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Open Access: Progress, Possibilities, and the Changing Scholarly Communications Ecosystem
March/April 2014 Issue

Open Access and the Journal Impact Factor

For many researchers working in university settings, the most troublesome issue around open access is still the direct link between the impact factor of the journals in which their articles are published and whether they receive tenure or promotions. Many journals, particularly those which are newer or published outside of the global North, i.e., North America or Europe, are not given an impact factor; likewise, newer journals, such as all OA journals launched in the past few years, either do not yet have impact factors or have lower ones. Impact factor is calculated by measuring the average number of citations per article published in a journal during the preceding 2 years. The backwards nature of this measurement inherently favors more established journals. So, in researchers’ minds, the question becomes whether to publish in a traditional journal with a higher impact factor and a legacy of prestige versus publishing in a newer OA journal, which could potentially be less helpful in securing tenure or a promotion.

As Rice sees it, “In some ways, the biggest barrier to OA is the prestige that a number of traditional journals have. I can tell my colleagues until I’m blue in the face that they should publish in OA outlets, but no one is going to walk away from getting an article into Science or Nature or The Lancet or Cell just because they aren’t OA. And as a person in leadership, maybe I don’t even really want them to, given the visibility of those journals.” Ideally, Rice wishes those journals would switch to an OA model, so all this could be done with. For now, tenure, promotion, grant evaluations, etc., all depend to a certain extend on having peers evaluate your work and your CV. “And,” Rice concludes, “there’s no denying that we give higher evaluations to work appearing in more prestigious journals; research has demonstrated this correlation. So, the system we have favors high prestige journals over low prestige journals. And since OA journals tend to be newer, they will tend to have lower prestige.”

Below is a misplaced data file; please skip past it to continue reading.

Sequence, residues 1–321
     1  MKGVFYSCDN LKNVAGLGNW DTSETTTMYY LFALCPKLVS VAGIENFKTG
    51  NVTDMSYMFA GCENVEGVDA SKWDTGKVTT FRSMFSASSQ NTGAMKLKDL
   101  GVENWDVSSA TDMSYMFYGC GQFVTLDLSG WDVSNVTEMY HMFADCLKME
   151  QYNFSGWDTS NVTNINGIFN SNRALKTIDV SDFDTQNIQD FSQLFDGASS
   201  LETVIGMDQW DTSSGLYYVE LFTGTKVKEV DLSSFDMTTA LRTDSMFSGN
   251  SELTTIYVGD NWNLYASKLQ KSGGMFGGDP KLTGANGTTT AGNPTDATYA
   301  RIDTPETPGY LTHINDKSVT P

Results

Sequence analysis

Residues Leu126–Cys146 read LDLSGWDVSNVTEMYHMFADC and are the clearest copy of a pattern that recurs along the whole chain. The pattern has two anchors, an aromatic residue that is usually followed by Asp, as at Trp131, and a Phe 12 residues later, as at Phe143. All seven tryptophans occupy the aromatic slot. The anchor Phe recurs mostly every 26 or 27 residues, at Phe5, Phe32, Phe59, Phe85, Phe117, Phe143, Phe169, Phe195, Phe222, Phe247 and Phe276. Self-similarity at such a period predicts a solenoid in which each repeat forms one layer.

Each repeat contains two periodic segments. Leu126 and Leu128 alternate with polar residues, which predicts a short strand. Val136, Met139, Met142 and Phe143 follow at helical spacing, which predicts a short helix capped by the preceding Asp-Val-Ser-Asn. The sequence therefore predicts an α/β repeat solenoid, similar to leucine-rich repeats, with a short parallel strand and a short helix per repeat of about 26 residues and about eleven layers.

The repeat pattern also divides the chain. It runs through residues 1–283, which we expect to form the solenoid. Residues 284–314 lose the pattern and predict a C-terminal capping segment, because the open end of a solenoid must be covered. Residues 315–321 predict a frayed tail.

Too often, researchers get stuck at this roadblock. Yet because of the dual path of open access, in most cases, researchers have the opportunity to publish in the journal of their choice and still make their publications openly accessible. Most often, the issue is lack of awareness. For example, authors published in The Lancet or Cell automatically have the publisher’s permission to archive the postprint (i.e., final draft post-refereeing) in an OA repository. Science allows authors to deposit pre-prints and the authors’ post-prints. Nature is the most restrictive of this group, permitting only pre-prints to be deposited. (Note: These journal policies are based on information in the SHERPA/RoMEO database of publishers’ copyright policies and self-archiving policies, found at Here is when a university’s OA policy often can be helpful: Many OA mandates stipulate that the university retains a nonexclusive right to deposit preprints or postprints into their repository.

Open access and challenges to the status quo within scholarly publishing have highlighted issues due to using impact factor as a proxy for quality. While many of these issues are not new, the changing landscape has led to more direct attacks by the community on the continued use of impact factor. As Björn Brembs, neurogenetics professor, University of Regensburg in Germany, and vocal critic of the impact factor, notes: “The IF [Impact Factor] is negotiated, irreproducible, and mathematically unsound. The empirical data indicate that any university basing any of their decisions on this number will risk their long-term standing and success.” [See Björn Brembs, Katherine Button, and Marcus Munafo, “Deep Impact: Unintended Consequences of Journal Rank,” published in Frontiers in Human Neuroscience , June 24, 2013, for further details: “If the scientific community cannot base their most important decisions on evidence, it will be their undoing.” In sum, Brembs states, “At this point in time, the data suggests that throwing dice is at least as good as using the IF, if not better.”

Fighting Against the Impact of the Journal Impact Factor

Brembs is not alone in his frustration. In December 2012, a group of editors and publishers of scholarly journals met during the Annual Meeting of the American Society for Cell Biology in San Francisco and produced a set of recommendations, referred to as the San Francisco Declaration on Research Assessment (DORA). The introduction to DORA ( states:

The outputs from scientific research are many and varied, including: research articles reporting new knowledge, data, reagents, and software; intellectual property; and highly trained young scientists. Funding agencies, institutions that employ scientists, and scientists themselves, all have a desire, and need, to assess the quality and impact of scientific outputs. It is thus imperative that scientific output is measured accurately and evaluated wisely.